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Sen. Feinstein and Rep. Woolsey Introduce Legislation to Provide Green Card to Chinese Grandmother
Facing Possible Deportation

May 24, 2001

Washington, DC -- U.S. Senator Dianne Feinstein (D-Calif.) and Representative Lynn Woolsey (D-Petaluma) today introduced private legislation to provide permanent residence status to Zhenfu Ge, the mother of a naturalized citizen who died of cancer last month and the grandmother of two American children.

“Mrs. Ge promised to care for her grandchildren after her daughter’s death. But because her daughter died 11 days before her final INS hearing, Mrs. Ge now faces deportation instead of receiving a green card,” Senator Feinstein said. “Granting her lawful permanent residence will allow Mrs. Ge to keep the promise she made to her daughter. I hope my colleagues will support this private legislation so that we can help Mrs. Ge, her grandchildren, and son-in-law begin to rebuild their lives in the wake of their family tragedy.”

Representative Woolsey said: “Mrs. Ge has been helping take care of her grandchildren for the past two years. Forcing her out of their lives would make a difficult time for the family even harder. Nothing can bring their mother back, but passing this bill to allow Mrs. Ge to stay in the country will give the children a living link to their mother and her culture that they will be denied forever if their grandmother is deported.”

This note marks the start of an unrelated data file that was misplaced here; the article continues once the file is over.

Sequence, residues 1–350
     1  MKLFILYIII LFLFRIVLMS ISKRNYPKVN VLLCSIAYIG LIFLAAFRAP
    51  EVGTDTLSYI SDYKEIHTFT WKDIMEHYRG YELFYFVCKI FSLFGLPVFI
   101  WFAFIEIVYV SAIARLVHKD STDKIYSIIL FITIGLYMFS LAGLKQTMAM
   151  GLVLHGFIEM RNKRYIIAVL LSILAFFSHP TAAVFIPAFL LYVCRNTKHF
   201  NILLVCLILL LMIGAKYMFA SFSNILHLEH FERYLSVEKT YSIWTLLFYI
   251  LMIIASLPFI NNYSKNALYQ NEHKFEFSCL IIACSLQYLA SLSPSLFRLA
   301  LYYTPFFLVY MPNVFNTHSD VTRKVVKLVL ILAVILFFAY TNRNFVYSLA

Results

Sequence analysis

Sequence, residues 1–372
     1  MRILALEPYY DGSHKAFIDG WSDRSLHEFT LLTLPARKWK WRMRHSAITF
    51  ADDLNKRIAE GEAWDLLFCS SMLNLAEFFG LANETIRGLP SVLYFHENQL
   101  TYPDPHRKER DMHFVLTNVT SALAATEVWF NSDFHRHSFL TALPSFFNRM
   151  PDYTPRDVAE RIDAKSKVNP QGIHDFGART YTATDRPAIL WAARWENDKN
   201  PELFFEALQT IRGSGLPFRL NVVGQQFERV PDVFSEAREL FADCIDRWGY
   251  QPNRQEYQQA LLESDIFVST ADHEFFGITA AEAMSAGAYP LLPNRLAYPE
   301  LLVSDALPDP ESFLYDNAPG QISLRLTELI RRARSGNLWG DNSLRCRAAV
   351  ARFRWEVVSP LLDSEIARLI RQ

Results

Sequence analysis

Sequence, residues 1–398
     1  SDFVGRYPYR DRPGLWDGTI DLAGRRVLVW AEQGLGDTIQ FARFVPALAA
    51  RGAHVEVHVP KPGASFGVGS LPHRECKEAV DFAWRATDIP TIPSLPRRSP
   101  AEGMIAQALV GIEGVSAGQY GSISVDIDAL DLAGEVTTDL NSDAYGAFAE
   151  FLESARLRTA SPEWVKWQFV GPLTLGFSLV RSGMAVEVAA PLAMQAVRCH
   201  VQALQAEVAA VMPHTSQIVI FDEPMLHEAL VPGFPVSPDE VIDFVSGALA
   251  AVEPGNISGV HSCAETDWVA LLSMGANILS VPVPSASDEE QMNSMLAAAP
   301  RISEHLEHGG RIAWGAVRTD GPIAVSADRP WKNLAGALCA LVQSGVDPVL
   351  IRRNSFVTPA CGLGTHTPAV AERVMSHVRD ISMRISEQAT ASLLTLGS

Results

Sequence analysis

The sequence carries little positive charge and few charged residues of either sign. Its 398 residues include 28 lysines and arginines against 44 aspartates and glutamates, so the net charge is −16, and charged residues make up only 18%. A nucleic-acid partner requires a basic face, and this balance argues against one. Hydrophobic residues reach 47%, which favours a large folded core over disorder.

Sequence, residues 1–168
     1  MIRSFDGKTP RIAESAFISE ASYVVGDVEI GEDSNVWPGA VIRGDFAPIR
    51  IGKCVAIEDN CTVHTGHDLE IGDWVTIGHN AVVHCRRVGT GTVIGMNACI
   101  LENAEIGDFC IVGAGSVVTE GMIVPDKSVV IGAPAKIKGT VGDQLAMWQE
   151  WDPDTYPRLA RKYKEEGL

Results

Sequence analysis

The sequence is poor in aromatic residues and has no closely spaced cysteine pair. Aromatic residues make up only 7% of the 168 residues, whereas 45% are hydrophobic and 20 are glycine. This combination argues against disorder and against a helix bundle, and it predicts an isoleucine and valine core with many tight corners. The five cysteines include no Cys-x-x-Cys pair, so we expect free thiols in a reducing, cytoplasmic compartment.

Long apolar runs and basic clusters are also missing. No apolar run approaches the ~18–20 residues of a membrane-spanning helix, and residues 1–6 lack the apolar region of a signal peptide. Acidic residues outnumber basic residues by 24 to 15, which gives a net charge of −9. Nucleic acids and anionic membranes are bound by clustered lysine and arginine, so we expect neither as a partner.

Mrs. Ge came to the United States in 1998 to help care for her two grandchildren while her daughter and her son-in-law worked. Shortly after her arrival, Mrs. Ge’s daughter filed an immigration petition on her behalf. She was scheduled for an April 26 Immigration and Naturalization Service (INS) interview, which is the last step in the green card process. The family anticipated that the interview would result in Mrs. Ge’s gaining a green card.

But on April 15 of this year, eleven days before Mrs. Ge’s scheduled INS interview, her daughter died. Because current law does not allow Mrs. Ge to adjust her status without her daughter, Mrs. Ge now faces deportation.

Private legislation is usually introduced on behalf of individuals whose compelling circumstances require Congress to act when administrative or legal remedies have been exhausted.

If Mrs. Ge does receive a green card, she, like all others who receive permanent residence status, would eligible to apply for naturalization in 5 years.

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